Congratulations, Professor! that is an wonderful book that i have ever read so far. it has presented different aspects of social linguistics all around the world. Also, it helps me figure out what really breaks social justice linguistically in particular contexts which are taking place in many parts of the world.

  • 44285736

    Congratulation to your achievement, from the summative description of your book, I find it interesting to see that you have breached the cap between language diversity and social injustice. The interesting case study is in PNG there are minor or smaller language groups that have distinct lexicology for different gender. Male are suppose to speak using certain type of words and expression and female with certain type of words and expression. The demarcation of the sociolinguistic norm of the society has influence both the patrilineal and matrilineal societies in PNG. In the matrilineal society women have the upper hand of using certain spoken words that involves decision making that man do not say and vice versa for the patrilineal villages where women play the secondary roles. So, the gender problem in PNG is a mixture of both. What is evident is that women talk about gender equity but there are some places where man too face gender injustice. So as you have said there is discrimination on the basis of social realities and norms of the society and definitely influence the allowable and non allowable lexicon one can speak based on society. Most modern western societies the freedom of words to express has no limits, which is what human rights and other social justice organization are emphasising for a fair and free expression of speech. That is universal ideology that must be pursued but avoid gender bias. However, traditions of such mention are dying slowly but with change come consequences. Thanks for the input to society.

  • ROSE GARRY

    Congratulations Professor Ingrid
    Language diversity and social injustice are clearly evident in Papua New Guinea (PNG). Language is a social tool and when it is not used positively as per the social norms in societies it causes injustice. Our diverse languages have categories according to the participants and contexts. For instance, during important occasions and ceremonies, like wedding, bride price, initiation, and so on, men represent family, clans, tribes to speak. So much so that women and girls take the back stage and thus couldn’t develop confidences in public speech. They become less convincing or somehow believe that they (females) aren’t capable of being leaders. This stereotyping has become fabrics of society for sometime. However, currently there are women who have risen to be leaders in various capacities. Women have moved into male dominated areas and thus have presented speeches in society that have been admired by men. More awareness on gender issues have empowered women and men to be change makers collectively.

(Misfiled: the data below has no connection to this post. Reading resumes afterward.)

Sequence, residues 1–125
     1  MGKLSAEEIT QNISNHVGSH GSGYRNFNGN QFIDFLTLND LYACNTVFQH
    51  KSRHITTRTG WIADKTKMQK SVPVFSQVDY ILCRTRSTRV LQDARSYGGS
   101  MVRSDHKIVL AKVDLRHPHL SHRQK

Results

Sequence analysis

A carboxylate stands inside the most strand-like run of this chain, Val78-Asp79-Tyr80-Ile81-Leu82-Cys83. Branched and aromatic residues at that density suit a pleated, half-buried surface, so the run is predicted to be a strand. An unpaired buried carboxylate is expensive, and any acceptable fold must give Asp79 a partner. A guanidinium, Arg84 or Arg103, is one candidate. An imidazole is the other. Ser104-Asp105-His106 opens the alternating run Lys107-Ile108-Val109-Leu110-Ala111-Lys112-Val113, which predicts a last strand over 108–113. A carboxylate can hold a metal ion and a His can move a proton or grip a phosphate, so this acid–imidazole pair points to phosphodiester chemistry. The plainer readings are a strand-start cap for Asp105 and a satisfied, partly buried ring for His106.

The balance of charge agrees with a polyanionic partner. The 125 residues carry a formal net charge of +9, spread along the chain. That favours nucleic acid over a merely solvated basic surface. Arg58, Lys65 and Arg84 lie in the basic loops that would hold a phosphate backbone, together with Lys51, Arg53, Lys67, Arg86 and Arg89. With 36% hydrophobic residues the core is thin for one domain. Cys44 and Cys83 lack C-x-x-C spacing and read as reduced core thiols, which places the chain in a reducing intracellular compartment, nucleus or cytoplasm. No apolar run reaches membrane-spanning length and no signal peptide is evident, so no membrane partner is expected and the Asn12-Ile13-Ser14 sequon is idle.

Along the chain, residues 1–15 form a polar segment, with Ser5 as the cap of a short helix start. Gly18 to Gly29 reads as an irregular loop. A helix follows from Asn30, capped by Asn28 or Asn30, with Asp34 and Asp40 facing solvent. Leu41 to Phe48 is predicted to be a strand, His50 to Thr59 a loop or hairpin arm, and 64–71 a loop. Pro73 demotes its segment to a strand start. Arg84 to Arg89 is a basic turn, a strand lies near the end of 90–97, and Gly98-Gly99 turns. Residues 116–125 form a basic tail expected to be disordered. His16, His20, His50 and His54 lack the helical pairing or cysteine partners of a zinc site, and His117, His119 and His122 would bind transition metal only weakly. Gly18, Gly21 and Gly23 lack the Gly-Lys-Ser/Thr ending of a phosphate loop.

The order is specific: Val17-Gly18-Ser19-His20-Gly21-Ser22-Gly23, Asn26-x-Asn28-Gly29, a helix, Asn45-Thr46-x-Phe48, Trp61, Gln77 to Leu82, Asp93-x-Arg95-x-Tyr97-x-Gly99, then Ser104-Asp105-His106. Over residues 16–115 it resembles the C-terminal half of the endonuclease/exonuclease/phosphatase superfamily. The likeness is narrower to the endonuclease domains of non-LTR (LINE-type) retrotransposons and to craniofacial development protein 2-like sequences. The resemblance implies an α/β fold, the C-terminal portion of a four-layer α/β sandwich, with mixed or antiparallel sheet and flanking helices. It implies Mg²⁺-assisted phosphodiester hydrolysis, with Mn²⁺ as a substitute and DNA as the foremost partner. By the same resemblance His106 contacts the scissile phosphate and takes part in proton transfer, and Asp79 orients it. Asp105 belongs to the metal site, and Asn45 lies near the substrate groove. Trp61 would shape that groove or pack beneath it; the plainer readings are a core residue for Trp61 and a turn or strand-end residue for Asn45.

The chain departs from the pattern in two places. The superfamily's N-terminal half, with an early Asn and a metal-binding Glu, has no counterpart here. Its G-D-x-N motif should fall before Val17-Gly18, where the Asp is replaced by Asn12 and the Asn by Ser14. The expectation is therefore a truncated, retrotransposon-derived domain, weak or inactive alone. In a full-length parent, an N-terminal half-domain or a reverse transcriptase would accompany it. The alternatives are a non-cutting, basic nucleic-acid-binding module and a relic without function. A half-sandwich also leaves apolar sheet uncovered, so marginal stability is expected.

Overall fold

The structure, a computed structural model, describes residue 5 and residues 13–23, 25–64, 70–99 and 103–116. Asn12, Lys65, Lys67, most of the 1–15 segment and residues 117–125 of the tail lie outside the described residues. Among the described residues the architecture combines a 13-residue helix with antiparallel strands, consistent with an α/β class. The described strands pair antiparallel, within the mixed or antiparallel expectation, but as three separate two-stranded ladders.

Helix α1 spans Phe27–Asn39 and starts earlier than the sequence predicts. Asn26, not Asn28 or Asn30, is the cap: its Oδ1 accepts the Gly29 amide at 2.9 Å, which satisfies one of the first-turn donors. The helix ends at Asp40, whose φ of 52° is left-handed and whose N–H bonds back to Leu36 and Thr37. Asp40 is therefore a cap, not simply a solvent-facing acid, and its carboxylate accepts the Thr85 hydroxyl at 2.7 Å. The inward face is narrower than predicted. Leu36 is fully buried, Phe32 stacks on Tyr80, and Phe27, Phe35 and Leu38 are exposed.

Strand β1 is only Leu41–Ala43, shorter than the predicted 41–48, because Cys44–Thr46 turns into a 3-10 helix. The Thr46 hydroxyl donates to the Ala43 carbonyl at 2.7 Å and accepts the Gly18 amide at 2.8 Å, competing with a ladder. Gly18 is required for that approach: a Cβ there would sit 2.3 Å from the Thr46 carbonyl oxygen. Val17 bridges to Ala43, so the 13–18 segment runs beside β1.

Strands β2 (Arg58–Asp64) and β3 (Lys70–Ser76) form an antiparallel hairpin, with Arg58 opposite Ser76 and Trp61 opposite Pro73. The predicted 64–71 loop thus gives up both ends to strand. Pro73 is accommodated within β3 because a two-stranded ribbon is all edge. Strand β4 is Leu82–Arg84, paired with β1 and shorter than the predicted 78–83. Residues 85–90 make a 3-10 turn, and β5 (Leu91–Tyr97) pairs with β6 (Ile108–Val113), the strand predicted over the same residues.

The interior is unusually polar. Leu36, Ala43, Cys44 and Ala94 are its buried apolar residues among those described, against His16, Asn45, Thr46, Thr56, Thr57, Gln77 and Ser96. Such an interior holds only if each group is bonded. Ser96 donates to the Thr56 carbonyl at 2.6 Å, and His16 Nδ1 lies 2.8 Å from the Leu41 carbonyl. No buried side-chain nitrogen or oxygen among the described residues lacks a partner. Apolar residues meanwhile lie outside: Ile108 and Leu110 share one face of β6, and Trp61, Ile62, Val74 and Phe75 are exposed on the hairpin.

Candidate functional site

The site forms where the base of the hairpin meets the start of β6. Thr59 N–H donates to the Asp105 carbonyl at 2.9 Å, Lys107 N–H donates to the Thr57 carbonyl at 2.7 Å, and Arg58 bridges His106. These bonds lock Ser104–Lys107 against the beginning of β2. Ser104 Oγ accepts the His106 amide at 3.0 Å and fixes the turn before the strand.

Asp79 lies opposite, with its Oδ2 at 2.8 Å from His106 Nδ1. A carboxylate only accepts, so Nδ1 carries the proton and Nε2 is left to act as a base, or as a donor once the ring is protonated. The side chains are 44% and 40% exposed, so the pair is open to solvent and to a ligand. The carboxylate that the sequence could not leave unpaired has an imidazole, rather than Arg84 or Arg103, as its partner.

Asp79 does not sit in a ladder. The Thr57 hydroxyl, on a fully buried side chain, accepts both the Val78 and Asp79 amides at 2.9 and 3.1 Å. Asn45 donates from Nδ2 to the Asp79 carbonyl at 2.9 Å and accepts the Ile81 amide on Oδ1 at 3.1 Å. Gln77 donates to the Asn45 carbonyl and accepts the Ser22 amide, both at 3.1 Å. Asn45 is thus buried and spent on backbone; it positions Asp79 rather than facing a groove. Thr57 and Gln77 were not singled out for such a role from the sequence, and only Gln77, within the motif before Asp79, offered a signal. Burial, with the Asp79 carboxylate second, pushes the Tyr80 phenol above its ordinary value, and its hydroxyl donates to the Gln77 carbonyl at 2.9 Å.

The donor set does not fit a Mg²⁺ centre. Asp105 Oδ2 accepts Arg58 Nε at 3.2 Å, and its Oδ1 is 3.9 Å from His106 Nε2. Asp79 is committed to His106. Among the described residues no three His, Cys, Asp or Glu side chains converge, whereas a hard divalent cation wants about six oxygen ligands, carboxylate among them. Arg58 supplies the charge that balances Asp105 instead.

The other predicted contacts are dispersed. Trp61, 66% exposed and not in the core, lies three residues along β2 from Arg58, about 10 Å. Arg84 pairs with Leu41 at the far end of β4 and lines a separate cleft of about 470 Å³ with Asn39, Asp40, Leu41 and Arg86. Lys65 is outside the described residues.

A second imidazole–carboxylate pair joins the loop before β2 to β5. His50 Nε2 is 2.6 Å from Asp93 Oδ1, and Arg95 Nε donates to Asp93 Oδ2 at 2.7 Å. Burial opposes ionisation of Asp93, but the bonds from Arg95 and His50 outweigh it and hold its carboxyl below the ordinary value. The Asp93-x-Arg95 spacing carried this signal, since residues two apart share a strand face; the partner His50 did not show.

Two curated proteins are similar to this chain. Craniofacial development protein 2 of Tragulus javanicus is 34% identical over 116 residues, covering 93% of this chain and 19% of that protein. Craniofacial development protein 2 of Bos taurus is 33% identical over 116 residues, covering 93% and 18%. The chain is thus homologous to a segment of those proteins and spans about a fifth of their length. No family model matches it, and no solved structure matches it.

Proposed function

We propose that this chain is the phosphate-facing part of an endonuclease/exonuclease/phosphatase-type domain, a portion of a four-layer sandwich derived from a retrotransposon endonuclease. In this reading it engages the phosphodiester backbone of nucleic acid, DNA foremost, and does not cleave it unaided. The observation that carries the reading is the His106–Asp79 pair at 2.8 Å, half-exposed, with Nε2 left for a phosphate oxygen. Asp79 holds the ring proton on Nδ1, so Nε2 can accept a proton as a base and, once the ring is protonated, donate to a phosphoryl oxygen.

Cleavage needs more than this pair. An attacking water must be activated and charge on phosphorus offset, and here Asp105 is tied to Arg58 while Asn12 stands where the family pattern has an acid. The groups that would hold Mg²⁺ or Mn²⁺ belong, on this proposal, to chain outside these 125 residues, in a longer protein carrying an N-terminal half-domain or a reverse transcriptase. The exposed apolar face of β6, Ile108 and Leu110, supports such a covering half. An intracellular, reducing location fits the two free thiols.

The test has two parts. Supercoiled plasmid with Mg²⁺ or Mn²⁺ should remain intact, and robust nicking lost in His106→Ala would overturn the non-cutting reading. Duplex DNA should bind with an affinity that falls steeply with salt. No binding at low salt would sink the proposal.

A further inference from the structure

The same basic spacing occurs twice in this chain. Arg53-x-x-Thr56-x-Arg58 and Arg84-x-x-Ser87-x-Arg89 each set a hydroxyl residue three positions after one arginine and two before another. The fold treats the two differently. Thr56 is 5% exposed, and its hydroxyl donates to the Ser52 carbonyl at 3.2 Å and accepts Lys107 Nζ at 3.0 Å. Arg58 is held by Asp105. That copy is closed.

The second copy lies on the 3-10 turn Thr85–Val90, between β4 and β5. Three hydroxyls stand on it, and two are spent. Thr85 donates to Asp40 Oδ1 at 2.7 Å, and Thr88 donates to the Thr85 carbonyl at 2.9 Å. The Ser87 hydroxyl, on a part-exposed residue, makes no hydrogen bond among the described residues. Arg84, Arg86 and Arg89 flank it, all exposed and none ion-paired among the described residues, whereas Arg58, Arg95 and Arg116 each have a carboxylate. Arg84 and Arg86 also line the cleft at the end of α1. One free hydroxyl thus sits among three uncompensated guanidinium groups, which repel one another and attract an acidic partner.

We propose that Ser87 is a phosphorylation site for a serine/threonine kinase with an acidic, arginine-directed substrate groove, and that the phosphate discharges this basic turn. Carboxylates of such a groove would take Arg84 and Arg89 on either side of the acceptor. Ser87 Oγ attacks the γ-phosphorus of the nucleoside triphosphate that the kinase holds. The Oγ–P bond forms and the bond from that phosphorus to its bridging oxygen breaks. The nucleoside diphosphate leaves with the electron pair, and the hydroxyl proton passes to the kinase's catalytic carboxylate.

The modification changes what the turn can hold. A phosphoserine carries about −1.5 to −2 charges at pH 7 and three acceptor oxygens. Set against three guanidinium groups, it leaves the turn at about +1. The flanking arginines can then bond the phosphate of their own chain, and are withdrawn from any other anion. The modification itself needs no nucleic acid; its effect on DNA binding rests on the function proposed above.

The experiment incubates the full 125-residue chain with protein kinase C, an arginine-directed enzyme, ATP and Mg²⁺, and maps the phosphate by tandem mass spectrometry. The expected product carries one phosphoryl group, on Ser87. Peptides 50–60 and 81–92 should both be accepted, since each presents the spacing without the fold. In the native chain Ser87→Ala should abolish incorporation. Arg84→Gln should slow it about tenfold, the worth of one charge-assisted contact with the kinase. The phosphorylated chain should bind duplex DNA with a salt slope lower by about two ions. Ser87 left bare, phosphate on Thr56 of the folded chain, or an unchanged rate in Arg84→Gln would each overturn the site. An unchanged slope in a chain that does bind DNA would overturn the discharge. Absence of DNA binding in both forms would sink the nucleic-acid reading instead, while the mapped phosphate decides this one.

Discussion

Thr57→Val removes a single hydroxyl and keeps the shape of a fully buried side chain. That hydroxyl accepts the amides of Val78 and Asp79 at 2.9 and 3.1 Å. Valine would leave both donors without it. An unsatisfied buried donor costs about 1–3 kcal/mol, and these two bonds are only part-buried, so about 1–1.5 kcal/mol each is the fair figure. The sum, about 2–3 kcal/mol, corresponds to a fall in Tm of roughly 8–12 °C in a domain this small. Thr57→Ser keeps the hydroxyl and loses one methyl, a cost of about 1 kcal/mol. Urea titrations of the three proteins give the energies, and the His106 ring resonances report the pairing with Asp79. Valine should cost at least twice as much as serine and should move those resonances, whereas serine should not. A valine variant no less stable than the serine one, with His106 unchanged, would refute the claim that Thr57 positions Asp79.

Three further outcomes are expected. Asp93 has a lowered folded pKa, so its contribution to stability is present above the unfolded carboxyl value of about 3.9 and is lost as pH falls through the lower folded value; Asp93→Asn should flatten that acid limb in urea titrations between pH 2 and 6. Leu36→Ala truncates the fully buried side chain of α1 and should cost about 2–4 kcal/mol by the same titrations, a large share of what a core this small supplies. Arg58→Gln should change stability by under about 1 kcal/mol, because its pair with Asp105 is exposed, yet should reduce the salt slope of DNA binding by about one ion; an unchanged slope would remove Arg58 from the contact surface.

• Wonghoi

    Hi Ingrid,
    Congratulation on your book to win this award. I am so honored to have you around this semester in Literacy unit. I assume that this essay is like an advertisement for your book, and I hope I could have chance to read it in the future! As you mentioned that writing a book is like creating a new song, we have to be aware that this not just a job that assigned to a particular person, but instead it is a work that required teamwork. This is a book that relates closely with sociology, especially when you emphased the three main points in your book. I have done some researches about gender discrimination in China. I rememberd I have found some interesting terms about how people call women of females with certain degrees of insulting. Socical justice is a very huge and long-term project for us to persue in the next coming decades. No matter in Australia or China, this is a key cultural concept for us to focus on. You must have used plenty of time on this book, and I feel so happy for you to finally make your work shining in the world.